Figure shows the elevation view of the front exterior of a particular house, including the color scheme accent colors.
In this particular case, the elevation drawings from the building plans were reduced down to 11×17 inches, and each wall area was color coded and labeled a particular paint color.
These color-scheme elevation drawings can be done by the architect, builder, city or county art committee, or as in this case, a professional color design consultant.
An elevation view of each exterior side of the structure typically shows only the flat surfaces facing the viewer. The wall surfaces perpendicular to the viewer, such as the pop-outs around the windows and the garage door in this example, can only be illustrated as vertical or horizontal lines in the two-dimensional view.
Because a line on a drawing is not thick enough to be cross-hatched or color-coded to indicate a particular accent paint color, these areas are sometimes misses on color scheme drawings for new housing projects. Without identifying the specific paint color for every wall surface, the painter must then guess whether a particular accent paint color stops at and outside corner or continues around to the un-shown inside corner (being the same line in elevation view).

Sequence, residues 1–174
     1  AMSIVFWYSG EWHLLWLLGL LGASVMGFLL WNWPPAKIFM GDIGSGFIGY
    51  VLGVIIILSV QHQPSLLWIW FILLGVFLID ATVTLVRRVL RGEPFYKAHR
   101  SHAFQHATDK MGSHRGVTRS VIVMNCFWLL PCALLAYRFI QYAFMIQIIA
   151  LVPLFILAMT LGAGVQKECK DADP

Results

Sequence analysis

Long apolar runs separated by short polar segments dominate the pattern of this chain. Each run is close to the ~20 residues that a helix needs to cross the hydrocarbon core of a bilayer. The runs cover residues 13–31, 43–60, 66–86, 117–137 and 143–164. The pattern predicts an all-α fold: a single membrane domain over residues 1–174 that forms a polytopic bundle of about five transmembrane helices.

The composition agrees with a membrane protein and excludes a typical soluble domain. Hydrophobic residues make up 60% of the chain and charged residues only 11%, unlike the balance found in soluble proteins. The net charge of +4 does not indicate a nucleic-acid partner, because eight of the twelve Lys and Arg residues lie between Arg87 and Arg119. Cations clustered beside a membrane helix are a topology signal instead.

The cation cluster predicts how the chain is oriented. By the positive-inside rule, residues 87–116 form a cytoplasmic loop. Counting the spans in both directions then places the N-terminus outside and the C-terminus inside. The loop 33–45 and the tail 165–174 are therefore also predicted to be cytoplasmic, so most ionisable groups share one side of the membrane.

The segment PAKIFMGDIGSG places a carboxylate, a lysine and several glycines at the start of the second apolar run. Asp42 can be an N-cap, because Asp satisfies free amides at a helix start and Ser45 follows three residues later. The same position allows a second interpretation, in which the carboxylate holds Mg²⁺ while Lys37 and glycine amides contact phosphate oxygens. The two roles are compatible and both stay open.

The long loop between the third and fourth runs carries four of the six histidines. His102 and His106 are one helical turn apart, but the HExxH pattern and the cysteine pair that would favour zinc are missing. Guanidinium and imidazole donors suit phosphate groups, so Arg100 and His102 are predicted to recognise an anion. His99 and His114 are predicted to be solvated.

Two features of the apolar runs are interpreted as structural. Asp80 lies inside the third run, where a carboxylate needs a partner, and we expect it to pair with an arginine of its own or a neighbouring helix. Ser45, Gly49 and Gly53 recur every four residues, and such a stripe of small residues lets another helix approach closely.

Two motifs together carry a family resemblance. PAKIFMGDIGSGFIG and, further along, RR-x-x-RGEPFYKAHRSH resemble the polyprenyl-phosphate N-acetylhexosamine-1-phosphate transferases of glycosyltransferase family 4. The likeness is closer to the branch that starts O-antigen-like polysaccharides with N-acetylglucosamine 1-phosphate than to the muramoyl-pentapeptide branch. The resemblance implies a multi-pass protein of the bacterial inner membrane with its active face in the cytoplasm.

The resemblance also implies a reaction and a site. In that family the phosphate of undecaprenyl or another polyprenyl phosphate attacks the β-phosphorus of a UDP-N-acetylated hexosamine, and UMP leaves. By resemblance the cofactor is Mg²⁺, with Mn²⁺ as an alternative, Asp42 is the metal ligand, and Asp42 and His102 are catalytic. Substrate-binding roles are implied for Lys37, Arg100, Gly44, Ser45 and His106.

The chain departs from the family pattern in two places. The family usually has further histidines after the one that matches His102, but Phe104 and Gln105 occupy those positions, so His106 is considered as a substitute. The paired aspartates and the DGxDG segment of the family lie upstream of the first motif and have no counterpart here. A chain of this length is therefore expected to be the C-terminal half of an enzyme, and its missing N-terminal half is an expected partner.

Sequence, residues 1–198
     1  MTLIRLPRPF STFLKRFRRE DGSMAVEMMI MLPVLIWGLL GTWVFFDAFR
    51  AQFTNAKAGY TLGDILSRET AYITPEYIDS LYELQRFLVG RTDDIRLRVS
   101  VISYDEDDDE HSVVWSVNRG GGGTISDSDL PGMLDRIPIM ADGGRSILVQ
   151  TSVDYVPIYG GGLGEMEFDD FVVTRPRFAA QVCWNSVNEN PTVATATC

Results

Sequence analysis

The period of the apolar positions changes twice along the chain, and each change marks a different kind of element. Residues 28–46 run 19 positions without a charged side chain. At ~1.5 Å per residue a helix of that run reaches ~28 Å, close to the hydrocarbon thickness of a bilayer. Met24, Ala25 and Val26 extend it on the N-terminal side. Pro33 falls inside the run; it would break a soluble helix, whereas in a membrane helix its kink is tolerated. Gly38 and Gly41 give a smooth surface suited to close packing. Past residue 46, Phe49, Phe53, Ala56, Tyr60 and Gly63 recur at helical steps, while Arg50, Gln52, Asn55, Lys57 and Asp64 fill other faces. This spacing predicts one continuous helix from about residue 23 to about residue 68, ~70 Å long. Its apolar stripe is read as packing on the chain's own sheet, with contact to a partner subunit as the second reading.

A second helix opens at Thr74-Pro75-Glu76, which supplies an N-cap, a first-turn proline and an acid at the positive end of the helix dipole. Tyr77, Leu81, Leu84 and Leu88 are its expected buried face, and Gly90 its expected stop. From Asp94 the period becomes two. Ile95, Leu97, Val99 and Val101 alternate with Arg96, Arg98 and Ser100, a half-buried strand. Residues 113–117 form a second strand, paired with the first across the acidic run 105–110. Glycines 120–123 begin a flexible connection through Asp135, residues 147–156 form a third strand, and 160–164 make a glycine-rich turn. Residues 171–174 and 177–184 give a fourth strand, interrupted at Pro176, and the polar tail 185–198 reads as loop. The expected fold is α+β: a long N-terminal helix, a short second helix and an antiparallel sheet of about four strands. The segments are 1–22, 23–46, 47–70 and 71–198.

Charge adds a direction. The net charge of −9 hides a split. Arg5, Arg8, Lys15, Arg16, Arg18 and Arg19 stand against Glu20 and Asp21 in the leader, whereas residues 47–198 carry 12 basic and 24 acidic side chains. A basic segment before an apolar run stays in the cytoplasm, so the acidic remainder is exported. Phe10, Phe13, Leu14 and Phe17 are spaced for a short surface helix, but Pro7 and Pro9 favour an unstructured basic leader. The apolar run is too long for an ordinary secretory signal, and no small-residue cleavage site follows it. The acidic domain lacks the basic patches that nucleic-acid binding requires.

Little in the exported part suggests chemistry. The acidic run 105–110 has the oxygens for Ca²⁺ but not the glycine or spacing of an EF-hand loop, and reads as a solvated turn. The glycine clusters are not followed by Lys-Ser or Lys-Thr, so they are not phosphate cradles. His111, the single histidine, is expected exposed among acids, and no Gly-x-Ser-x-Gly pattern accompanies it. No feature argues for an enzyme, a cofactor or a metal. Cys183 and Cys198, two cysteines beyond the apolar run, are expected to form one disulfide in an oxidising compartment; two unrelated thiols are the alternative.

The painter rather than the architect or the color consultant must then make numerous small “judgment calls” regarding exterior painting…and each decision also then becomes a matter of time expediency that cannot wait for a field visit from designers for a definitive answer.
Wall surfaces that are perpendicular to the elevation view can have their accent colors called out using arrow-lines, or can be illustrated using three-dimensional sketches of the areas in question as shown in Fig. .